New Evidence and New Allegations of Failing to Obtain Building Permits Emerge

We reported earlier that an ex-employee of WICR inc alleged that a project he worked on in Huntington Beach had some permits pulled for repair work, but other units did not. The initial complaint to CSLB was declined due to lack of evidence.

Now our source, Jose Ortiz, says he has the proof to reopen the investigation,  and will refile his documents and claim, along with filing several other new complaints with CSLB that allege that WICR did not pull permits on several projects he worked on because WICR was not properly licensed to perform such work. Below are links to his documents Ortiz provided to us along with a jpg file of the units Ortiz says he worked on vs what was permitted.

Ortiz claims he worked on other projects without permits and when WICR was not properly licensed at a property in Chula Vista and another in Vista CA.

Construction without obtaining a building permit is an offense-from the CSLB website

Accelerated building permit enforcement efforts will begin in January 2010, following the Contractors State License Board’s (CSLB) unanimous vote to make this a higher priority. Building permits are a critical element to any construction project, helping to ensure that construction is performed according to established state and local code, and safety standards. Sections 7090 and 7110 of the California Business and Professions Code mandate that CSLB help regulate these laws and safety standards, and discipline violators.

Permit violations are not only a health and safety issue for the property owner, but can also become a financial liability if someone is injured. When a contractor performs work that requires a permit and doesn’t have one, a local building department can issue a “Stop Work” notice and assess fines against the property owner. Contractors who violate the permit process may be held responsible for any fine issued to the property owner by the building department, as well as the cost of complying with the code requirements.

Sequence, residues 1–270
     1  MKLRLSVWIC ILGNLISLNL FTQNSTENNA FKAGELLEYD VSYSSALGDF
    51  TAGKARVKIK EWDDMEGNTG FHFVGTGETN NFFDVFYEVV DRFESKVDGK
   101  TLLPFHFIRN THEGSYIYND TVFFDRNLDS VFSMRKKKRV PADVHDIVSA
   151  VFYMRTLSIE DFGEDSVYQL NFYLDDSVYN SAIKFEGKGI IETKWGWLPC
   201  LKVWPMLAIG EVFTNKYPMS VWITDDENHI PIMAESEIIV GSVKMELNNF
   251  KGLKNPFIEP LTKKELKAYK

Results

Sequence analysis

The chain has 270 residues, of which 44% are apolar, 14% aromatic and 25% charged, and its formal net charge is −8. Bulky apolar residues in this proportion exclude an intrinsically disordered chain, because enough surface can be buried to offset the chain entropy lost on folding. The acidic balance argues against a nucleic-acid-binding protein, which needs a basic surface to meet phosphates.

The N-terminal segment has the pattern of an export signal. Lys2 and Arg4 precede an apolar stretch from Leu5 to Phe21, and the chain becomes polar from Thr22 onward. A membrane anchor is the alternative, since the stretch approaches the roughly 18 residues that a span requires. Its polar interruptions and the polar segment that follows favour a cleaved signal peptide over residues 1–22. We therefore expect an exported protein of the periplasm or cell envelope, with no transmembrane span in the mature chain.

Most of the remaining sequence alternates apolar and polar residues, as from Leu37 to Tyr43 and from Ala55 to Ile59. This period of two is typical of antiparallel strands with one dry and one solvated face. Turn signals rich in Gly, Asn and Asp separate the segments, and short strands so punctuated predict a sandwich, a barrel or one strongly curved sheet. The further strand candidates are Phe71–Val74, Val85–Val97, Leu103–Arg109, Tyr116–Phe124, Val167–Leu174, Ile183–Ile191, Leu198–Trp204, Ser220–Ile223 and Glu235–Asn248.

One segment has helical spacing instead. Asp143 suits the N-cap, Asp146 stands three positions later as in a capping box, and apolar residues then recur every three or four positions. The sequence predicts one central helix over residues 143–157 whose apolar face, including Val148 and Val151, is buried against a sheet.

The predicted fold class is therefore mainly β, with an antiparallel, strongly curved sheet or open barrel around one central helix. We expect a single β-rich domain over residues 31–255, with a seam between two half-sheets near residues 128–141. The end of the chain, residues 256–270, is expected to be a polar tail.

According to a license classification person at CSLB who we spoke with today, WICR added a B classification to their license on 11/19/13. Any construction work done that is not related to their C-33 Painting and C-54 Tile classifications and done without a permit is considered a serious violation of CSLB laws.

Ortiz claims he routinely was working on projects performing work that wasn’t under WICR’s license classifications and says he has pictures, documents and emails to prove it.

Ortiz says he is refiling the paperwork with CSLB for investigation.

At the Master series at Seacliff, which began in early 2012, Ortiz says he repaired and replaced plywood and framing as well as worked on balcony railings. From CSLB’s website it appears this work would require a B license. He also claims that Sean Krubinski, a field manager at WICR, told him to get off balconies he was working on without permits when the inspector was on the job site. Ortiz said he was told that the City couldn’t track all the work and they would save some money.

At the Chula Vista and Vista jobs, Ortiz says he performed carpentry work in 2012, prior to WICR obtaining a B license.

List of addresses that Ortiz worked on vs what units had permits pulled.
List of addresses that Ortiz worked on vs what units had permits pulled.

List of contracts for Master Series

Permit Record    

Jobs done without permit

We will follow up with a report on the status of Ortiz’ claims in the next few weeks.

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